Although the reform process has been drawn out in Australia, what took 100 years of wrangling here could be done in a far shorter period, just as the industrialisation of the 'Asian Tiger' economies and now China have achieved in decades what the West took over two centuries to do.

The long Australian history of water reform begins with federation and competing claims between South Australia and states upstream on the Murray River. However, the problem of allocation was always seen as a problem between different governments (as on the Mekong today), and not between different water uses, which is the ultimate issue at a stake.

For most of the 20th century water rights were fixed to certain pieces of land regardless of whether the water was best used there or elsewhere, and large dams were used to divert more of a scarce resource rather than making better use of the water already diverted.

Yet a river could only be diverted so much. By 1994 the Council of Australian Governments agreed in principle that water rights should be separated from land and traded freely as property. This in turn began a learning process. Property rights to water need to accurately reflect a water user's impact on infrastructure and their use of common storages such as dams. Trading prices need to reflect the evaporation losses that occur as water moves downstream, and the effect of water use on water quality. Most recently the environment has been recognised as a user of water alongside agriculture. Water trade has allowed water to be purchased and directed to improving river health and biodiversity.

The pay off from this experience became very clear during the 'millennium' drought in the past decade.

Temporary water trade — that is, the sale of a year's water rather than the permanent right — allowed many farms to stay afloat despite the most challenging climatic conditions for many decades, and allowed the impact on production to be minimised. Horticulturalists bought water to keep their trees and vines alive for better years. This water was often sold by broadacre farmers who could then temporarily shift to dryland cropping or ride out the drought on water sales.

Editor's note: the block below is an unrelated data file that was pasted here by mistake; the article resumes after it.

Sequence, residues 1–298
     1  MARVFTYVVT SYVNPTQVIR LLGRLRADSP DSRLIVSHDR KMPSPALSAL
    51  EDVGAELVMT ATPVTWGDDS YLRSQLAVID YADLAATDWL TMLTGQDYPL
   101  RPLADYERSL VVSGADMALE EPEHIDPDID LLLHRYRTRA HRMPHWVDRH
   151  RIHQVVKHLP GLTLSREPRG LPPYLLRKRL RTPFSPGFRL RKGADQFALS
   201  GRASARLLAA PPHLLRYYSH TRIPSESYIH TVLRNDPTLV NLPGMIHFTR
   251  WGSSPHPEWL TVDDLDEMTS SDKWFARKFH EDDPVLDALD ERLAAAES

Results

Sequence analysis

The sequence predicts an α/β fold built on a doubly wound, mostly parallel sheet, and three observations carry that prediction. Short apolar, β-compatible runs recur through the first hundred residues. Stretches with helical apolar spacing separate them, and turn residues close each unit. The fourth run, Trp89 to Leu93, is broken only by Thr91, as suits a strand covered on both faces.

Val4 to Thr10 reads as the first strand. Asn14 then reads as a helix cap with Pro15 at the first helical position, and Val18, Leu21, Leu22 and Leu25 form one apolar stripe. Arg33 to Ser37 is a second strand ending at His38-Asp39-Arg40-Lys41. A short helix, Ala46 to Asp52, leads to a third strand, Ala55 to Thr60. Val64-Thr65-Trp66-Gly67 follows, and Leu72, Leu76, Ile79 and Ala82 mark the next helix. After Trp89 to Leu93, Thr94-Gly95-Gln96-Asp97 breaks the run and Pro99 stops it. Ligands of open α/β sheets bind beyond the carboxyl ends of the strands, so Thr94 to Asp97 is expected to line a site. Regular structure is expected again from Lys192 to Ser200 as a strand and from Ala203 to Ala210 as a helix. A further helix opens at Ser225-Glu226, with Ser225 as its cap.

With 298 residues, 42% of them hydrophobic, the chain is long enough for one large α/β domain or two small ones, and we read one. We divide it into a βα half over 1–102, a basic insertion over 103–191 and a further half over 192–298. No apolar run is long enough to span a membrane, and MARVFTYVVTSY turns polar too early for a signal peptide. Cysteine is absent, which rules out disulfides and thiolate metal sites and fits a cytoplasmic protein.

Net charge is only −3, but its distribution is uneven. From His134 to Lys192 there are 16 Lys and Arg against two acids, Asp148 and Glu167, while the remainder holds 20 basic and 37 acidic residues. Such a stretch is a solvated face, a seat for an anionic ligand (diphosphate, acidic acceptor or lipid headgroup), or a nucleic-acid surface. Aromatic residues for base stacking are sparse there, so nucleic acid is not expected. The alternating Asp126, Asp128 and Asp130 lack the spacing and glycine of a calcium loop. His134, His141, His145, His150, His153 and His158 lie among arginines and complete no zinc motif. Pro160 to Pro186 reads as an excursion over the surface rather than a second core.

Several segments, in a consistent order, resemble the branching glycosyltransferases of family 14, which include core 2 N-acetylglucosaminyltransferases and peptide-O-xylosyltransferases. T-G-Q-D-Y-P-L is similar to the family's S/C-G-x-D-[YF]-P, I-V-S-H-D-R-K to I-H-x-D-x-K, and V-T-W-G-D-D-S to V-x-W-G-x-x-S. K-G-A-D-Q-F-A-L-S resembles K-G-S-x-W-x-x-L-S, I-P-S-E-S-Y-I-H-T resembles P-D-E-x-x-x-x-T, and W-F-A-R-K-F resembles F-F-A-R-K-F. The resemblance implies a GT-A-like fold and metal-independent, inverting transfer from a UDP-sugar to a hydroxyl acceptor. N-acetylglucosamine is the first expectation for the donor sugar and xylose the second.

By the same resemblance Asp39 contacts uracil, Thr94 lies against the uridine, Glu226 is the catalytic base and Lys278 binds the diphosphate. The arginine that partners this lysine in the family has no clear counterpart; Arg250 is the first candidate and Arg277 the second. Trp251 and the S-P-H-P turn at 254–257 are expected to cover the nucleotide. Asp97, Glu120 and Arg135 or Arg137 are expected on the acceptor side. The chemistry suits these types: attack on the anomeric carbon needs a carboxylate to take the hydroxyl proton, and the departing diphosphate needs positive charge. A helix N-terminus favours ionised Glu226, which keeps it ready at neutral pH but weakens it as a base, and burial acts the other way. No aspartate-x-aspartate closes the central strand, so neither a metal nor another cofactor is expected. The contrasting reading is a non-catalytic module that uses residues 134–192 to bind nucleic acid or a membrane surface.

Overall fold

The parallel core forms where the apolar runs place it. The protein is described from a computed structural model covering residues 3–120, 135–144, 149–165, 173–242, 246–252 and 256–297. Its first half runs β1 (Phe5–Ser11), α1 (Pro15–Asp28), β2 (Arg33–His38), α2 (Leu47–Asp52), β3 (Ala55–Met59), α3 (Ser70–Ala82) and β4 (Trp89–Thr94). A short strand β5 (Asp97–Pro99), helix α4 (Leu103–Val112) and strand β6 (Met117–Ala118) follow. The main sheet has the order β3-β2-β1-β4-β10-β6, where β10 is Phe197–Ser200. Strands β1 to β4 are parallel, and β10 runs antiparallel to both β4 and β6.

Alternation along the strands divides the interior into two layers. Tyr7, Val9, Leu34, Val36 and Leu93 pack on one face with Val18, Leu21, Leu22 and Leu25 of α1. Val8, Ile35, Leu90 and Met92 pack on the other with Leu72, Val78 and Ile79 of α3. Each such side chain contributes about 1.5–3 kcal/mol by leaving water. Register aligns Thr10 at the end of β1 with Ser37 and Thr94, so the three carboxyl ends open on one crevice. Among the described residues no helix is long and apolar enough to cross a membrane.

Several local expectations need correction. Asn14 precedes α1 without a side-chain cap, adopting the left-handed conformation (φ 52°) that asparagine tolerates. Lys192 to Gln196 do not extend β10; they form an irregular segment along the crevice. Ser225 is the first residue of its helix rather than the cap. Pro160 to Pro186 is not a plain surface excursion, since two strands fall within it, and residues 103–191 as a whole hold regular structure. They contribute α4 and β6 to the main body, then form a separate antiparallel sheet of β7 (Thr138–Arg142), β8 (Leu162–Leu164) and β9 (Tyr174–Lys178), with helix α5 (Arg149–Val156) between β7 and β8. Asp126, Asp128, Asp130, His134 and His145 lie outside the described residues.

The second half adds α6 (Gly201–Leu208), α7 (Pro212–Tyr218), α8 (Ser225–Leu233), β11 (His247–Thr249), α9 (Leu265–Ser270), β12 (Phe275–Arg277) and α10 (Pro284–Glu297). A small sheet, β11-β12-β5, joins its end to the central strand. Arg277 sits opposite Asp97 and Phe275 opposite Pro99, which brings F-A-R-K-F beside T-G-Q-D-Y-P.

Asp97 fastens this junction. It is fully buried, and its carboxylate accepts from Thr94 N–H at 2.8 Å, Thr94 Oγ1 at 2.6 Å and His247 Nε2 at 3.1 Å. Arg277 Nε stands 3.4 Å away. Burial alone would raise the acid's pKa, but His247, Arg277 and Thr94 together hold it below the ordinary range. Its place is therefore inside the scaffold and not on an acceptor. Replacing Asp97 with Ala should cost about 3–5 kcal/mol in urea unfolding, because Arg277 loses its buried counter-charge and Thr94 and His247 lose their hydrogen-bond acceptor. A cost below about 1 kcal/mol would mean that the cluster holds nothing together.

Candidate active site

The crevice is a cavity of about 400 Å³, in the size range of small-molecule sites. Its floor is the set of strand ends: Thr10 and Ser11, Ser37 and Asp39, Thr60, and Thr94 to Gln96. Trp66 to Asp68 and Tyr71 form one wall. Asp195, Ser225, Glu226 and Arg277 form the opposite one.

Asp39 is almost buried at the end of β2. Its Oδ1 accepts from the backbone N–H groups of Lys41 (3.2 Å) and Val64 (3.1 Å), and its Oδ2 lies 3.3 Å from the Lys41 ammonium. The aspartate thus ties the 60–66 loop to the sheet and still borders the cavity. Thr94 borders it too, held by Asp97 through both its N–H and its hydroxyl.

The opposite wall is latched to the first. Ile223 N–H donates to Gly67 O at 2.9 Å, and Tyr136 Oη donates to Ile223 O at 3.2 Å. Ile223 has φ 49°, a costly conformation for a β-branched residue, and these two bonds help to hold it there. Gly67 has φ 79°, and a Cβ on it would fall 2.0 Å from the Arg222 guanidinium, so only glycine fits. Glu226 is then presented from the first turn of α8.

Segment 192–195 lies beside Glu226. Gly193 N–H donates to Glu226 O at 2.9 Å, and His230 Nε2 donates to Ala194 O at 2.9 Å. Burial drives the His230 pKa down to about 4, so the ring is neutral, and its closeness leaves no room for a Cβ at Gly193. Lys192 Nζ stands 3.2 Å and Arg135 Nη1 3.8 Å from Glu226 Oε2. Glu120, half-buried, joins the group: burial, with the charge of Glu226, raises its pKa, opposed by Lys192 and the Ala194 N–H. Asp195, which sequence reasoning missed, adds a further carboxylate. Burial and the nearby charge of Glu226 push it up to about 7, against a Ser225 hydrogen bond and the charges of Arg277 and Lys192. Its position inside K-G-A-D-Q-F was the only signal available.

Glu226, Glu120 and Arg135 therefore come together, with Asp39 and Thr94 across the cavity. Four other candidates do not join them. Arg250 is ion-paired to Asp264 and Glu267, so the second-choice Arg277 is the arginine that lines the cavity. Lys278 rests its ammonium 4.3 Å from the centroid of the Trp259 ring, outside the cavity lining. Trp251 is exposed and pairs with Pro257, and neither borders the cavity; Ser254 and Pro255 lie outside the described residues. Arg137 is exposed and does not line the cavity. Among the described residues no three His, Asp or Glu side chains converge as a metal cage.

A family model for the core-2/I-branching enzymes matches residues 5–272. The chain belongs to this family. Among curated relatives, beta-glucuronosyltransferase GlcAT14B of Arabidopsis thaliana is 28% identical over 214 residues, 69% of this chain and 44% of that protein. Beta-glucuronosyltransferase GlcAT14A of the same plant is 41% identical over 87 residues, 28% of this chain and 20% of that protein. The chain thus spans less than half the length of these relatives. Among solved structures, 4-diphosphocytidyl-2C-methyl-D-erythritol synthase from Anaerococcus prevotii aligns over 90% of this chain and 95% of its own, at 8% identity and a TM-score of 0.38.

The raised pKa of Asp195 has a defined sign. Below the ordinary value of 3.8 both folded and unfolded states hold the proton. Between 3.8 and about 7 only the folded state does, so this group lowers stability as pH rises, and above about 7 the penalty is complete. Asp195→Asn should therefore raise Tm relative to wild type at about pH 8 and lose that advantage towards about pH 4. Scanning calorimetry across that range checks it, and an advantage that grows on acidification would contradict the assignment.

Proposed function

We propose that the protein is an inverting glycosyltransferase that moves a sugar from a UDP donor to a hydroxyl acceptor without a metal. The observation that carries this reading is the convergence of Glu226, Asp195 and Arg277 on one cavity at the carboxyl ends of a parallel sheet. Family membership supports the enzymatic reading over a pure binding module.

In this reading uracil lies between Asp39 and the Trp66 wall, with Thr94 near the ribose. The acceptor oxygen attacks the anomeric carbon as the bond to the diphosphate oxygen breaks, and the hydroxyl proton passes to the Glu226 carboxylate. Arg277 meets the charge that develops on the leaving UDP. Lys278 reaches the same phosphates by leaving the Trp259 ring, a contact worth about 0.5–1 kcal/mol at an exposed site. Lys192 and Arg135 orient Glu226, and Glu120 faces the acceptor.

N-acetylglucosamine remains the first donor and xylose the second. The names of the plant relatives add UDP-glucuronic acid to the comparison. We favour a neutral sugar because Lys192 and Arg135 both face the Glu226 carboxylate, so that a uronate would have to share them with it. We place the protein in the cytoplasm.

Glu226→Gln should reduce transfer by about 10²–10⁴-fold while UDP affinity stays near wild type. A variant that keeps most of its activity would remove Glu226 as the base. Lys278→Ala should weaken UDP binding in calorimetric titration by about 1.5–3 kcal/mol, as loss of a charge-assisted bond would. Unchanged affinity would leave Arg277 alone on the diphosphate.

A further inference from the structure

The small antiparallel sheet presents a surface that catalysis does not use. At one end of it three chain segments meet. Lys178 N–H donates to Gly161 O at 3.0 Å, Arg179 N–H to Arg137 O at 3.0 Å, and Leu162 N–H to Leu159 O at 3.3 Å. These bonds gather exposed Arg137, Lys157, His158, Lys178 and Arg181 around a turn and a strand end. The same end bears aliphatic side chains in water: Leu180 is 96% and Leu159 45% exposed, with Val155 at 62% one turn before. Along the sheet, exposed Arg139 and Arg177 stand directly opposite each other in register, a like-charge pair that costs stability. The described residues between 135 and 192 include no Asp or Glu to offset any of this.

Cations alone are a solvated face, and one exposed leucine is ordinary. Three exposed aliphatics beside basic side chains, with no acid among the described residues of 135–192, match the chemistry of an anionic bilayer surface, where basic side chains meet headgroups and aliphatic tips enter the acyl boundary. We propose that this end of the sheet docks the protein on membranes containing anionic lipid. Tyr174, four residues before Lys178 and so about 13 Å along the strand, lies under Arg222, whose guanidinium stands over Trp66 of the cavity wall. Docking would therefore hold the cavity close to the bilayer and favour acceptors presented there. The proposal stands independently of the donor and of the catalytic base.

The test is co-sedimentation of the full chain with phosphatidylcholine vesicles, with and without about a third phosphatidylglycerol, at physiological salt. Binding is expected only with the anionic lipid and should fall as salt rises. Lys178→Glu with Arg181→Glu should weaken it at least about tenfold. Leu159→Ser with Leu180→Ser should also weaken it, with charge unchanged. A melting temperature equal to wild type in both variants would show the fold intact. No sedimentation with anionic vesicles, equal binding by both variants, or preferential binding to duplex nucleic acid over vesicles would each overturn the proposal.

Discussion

This history of reform and drought has left us with a large stock of knowledge about the mechanics and institutions of allocating scarce water through trading, and this has been extended around the world and cited by reformers in Chile and the US, and attracted interest from India. ABARES has also conducted research on the possibilities for water trading in the Yangtze which was used by AusAID to brief Chinese policymakers.

There is a certain urgency about this issue, and not just due to changes in climate or increased population. One important lesson from the Australian experience is that poor decisions are very difficult to reverse, and property rights can sometimes exacerbate these problems. For instance, the advent of water trading saw an increase in water use, as 'sleepers' and 'dozers' (entitlements that had never been exploited, or had not been exploited for some time) were sold to farmers who put them to use and created an over-allocation of a resource that was becoming scarcer.

The countries of Asia are undergoing tremendous changes in agriculture, and changes made now may have effects long into the future. These changes should not inhibit good water policy in future, and hopefully they can get it right the first time.

The drafters of the White Paper were right to recognise that Australia's water experience has a vital role to play in the Asian Century.

Photo by Flickr user Tim J Keegan.